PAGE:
THE CELEBRATED floral committee of the Llangollen International Musical Eisteddfod are branching out in 2024 with their very own ‘Daffodil Flower Festival.’

Events will be hosted at St Collen’s Church in Llangollen and will feature an Evening Choral Concert with Lleisiau’r Afon Ladies Choir, conducted by Leigh Mason, renowned local soloist Clare Harrison, accompanied by Owen Roberts and a Music Theatre performance from Shea Ferron.

There will also be a special ‘Songs of Praise’ concert, led by Llangollen Vicar Father Lee Taylor.

It is set to take place on April 5 at 7pm, April 6 between 10-4pm and April 7 at 4pm.

Denbighshire Free Press: The official poster featuring all detailsThe official poster featuring all details (Image: Llangollen International Musical Eisteddfod)

Tickets are £10 and can be purchased from Dee Valley Produce, Oak Street (cash only) or online.

The festival will raise money for the Llangollen Eisteddfod’s charity which helps to bring hundreds of people from across the world for its annual peace festival.

It will also feature daffodil wave and floral displays, with daffodils of all shapes, sizes and material crafted by the community including local schools.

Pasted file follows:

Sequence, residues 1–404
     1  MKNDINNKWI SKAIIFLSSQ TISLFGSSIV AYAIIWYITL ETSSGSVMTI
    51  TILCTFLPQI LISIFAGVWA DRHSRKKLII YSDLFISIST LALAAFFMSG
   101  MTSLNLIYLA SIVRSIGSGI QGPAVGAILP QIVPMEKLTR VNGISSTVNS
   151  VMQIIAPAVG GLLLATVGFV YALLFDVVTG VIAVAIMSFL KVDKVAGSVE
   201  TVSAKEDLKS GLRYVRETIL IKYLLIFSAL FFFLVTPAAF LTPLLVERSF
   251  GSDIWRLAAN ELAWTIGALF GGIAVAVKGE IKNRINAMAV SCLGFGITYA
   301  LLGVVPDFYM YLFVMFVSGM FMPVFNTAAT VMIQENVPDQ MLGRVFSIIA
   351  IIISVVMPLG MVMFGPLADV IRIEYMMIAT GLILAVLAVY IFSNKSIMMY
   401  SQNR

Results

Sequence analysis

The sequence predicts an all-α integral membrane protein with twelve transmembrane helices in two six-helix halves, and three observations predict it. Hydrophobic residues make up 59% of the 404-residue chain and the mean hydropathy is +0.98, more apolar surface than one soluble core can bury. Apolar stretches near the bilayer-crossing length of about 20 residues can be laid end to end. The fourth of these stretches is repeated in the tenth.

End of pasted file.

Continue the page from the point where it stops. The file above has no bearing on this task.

These will be displayed in the church and in St Collen’s Community Hall, which will be hosting stalls, workshops, refreshments, and a raffle on Saturday, April 6.

Michelle Davies, chair of the Floral Committee of the Llangollen Eisteddfod said: “Our daffodil is a recognisable symbol of Wales and a beloved fixture of our gardens and countryside. Why not hold a festival in honour of our favourite flower?

"We have been busy preparing for this for months, and our team have already planted hundreds of bulbs in the grounds of our beautiful 6th century church.

"We have two wonderful concerts planned, all in celebration of the national flower of Wales. All of the money raised will go towards the Llangollen Eisteddfod charity to help us continue welcoming the World to Wales.”

The tradition of decorating the main stage at the International Eisteddfod with flowers began at the first festival in 1947, when a few blooms were placed in jam jars to hide the tent poles that held up the stage’s awning.

Over the past 76 years, the tradition – and the quantities of flowers – has grown, with the displays as iconic as the festival itself.

Father Lee Taylor, the vicar in charge of St Collens Church, Llangollen said: “We are delighted to be hosting the Llangollen Eisteddfod’s floral committee’s celebration of the daffodil.

"The Eisteddfod is synonymous with flowers. Each year, our town welcomes competitors from around the world to perform on a stage splendidly decked out in flowers.

"As well as a symbol of Wales, the daffodil symbolises new beginnings, so we’re delighted to host Llangollen’s first ever festival dedicated to the daffodil.”